NATIONAL BUREAU OF ECONOMIC RESEARCH
NATIONAL BUREAU OF ECONOMIC RESEARCH

Fragmentation and Trade in Value Added over Four Decades

Robert C. Johnson, Guillermo Noguera

NBER Working Paper No. 18186
Issued in June 2012
NBER Program(s):   ITI

We combine data on trade, production, and input use to compute the value added content of trade for forty-two countries from 1970 to 2009. For the world, the ratio of value added to gross trade falls by ten to fifteen percentage points, with two-thirds of this decline in the last two decades. Across countries, declines range from zero to twenty-five percentage points, with large declines concentrated among countries undergoing structural transformation. Across bilateral trade partners, declines are larger for nearby partners and partners that adopt regional trade agreements. That is, both policy and non-policy trade costs shape production fragmentation.

You may purchase this paper on-line in .pdf format from SSRN.com ($5) for electronic delivery.

Information about Free Papers

You should expect a free download if you are a subscriber, a corporate associate of the NBER, a journalist, an employee of the U.S. federal government with a ".GOV" domain name, or a resident of nearly any developing country or transition economy.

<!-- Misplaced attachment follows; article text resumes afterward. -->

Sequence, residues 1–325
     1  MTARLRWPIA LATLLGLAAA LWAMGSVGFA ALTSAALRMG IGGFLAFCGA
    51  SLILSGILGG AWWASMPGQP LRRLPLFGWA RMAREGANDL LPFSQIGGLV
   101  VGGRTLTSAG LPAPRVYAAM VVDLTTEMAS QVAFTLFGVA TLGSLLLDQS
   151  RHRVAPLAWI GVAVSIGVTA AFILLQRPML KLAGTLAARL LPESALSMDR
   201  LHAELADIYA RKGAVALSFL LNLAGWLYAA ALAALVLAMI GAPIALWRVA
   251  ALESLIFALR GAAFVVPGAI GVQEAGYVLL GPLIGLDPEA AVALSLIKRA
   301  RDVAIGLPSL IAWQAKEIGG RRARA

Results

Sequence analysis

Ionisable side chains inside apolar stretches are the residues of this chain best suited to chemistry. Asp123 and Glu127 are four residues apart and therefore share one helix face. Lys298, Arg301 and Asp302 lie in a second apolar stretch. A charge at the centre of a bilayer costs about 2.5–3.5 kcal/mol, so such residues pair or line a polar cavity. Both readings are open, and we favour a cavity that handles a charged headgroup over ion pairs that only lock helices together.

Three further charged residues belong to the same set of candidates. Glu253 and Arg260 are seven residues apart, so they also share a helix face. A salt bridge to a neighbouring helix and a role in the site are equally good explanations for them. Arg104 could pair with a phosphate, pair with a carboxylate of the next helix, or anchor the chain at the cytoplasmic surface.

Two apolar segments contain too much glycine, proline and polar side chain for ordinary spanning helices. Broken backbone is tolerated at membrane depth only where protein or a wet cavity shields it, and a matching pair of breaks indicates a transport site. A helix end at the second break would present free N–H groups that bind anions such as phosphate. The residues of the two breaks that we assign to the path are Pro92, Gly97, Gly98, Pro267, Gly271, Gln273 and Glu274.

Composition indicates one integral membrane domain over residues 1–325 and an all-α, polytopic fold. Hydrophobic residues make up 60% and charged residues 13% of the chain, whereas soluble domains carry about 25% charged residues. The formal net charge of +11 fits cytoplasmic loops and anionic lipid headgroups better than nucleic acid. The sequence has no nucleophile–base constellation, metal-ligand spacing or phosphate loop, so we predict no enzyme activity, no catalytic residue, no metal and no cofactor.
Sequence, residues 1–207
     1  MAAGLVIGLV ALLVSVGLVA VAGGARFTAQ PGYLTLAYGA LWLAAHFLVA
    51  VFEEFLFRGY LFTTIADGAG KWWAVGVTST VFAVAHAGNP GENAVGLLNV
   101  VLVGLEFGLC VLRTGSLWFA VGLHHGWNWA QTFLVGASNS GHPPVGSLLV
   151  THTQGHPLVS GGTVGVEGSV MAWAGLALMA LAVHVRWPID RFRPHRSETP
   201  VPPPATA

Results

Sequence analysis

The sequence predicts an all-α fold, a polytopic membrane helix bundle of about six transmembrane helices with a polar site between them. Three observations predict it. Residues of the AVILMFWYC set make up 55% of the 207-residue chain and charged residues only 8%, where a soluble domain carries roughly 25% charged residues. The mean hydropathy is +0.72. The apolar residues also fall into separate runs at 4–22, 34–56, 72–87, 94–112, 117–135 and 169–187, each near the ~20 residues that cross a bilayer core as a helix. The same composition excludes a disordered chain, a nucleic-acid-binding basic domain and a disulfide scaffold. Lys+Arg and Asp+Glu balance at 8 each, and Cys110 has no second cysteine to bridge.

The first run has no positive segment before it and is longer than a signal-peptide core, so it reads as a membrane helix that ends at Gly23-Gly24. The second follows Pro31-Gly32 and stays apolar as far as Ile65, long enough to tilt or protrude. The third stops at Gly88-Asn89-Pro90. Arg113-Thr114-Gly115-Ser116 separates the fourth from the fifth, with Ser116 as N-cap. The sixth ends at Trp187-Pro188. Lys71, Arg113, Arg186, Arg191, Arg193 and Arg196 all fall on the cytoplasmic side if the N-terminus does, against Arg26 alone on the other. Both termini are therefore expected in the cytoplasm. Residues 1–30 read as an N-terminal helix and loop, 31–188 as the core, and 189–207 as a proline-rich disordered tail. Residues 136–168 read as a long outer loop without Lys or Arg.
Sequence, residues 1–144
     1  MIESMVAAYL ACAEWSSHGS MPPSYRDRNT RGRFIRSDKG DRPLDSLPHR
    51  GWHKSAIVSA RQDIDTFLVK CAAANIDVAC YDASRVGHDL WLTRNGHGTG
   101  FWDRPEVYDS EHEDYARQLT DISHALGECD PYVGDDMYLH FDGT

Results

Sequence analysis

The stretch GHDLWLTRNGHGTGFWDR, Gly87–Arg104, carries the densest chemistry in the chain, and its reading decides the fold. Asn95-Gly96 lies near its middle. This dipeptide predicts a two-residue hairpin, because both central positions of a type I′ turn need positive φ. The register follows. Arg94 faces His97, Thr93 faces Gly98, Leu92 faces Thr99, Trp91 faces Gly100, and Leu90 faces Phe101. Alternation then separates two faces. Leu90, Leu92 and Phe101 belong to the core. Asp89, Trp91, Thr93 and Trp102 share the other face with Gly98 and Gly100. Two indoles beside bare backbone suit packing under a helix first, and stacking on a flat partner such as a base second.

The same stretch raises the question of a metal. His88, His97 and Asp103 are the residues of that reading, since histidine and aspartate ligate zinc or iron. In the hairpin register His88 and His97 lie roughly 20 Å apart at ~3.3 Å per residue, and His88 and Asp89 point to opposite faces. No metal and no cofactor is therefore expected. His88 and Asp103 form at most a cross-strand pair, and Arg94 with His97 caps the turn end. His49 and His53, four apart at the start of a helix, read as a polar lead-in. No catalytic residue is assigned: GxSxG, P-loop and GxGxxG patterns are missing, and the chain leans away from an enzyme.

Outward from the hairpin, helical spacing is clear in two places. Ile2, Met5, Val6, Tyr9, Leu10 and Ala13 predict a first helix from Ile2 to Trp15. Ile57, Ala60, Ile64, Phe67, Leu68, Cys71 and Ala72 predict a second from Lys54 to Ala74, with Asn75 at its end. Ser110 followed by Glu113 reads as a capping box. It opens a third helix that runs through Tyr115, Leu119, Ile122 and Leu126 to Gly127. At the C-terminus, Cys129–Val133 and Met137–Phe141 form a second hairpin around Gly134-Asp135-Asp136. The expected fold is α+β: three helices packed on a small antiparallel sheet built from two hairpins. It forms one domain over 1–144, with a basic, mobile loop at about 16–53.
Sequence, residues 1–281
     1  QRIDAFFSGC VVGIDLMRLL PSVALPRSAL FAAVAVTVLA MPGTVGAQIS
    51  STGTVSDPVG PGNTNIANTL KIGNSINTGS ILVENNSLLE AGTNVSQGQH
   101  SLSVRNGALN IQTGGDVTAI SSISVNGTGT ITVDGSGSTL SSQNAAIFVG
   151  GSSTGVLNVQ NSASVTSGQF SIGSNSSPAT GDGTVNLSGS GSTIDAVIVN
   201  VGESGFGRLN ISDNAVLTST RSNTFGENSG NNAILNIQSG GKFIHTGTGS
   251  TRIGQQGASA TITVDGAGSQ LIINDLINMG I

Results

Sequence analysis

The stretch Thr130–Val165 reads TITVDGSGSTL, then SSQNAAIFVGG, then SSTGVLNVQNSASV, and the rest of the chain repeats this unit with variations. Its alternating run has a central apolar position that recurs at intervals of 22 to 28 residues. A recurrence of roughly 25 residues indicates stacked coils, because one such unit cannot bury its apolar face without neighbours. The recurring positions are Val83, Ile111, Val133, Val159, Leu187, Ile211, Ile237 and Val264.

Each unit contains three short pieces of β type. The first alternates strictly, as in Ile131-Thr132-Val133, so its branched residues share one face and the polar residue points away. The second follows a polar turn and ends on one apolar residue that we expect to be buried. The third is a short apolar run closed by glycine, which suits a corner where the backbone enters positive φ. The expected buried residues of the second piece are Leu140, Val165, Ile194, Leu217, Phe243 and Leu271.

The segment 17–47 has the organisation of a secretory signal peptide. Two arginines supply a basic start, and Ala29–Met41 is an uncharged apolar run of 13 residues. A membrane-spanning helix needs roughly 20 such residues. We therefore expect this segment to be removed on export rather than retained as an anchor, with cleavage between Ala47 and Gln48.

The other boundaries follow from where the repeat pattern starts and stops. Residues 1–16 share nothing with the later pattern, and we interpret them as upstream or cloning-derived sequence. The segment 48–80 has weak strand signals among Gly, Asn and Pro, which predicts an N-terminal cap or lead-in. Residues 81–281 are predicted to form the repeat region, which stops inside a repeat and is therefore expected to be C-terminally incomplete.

If you usually get free papers at work/university but do not at home, you can either connect to your work VPN or proxy (if any) or elect to have a link to the paper emailed to your work email address below. The email address must be connected to a subscribing college, university, or other subscribing institution. Gmail and other free email addresses will not have access.

E-mail:

Acknowledgments

Machine-readable bibliographic record - MARC, RIS, BibTeX

Document Object Identifier (DOI): 10.3386/w18186

Users who downloaded this paper also downloaded these:
Baldwin and Lopez-Gonzalez w18957 Supply-Chain Trade: A Portrait of Global Patterns and Several Testable Hypotheses
Baldwin w17716 Trade And Industrialisation After Globalisation’s 2nd Unbundling: How Building And Joining A Supply Chain Are Different And Why It Matters
Koopman, Powers, Wang, and Wei w16426 Give Credit Where Credit Is Due: Tracing Value Added in Global Production Chains
Koopman, Wang, and Wei w14109 How Much of Chinese Exports is Really Made In China? Assessing Domestic Value-Added When Processing Trade is Pervasive
Johnson w18240 Trade in Intermediate Inputs and Business Cycle Comovement
 
Publications
Activities
Meetings
Data
People
About

Support
National Bureau of Economic Research, 1050 Massachusetts Ave., Cambridge, MA 02138; 617-868-3900; email: info@nber.org

Contact Us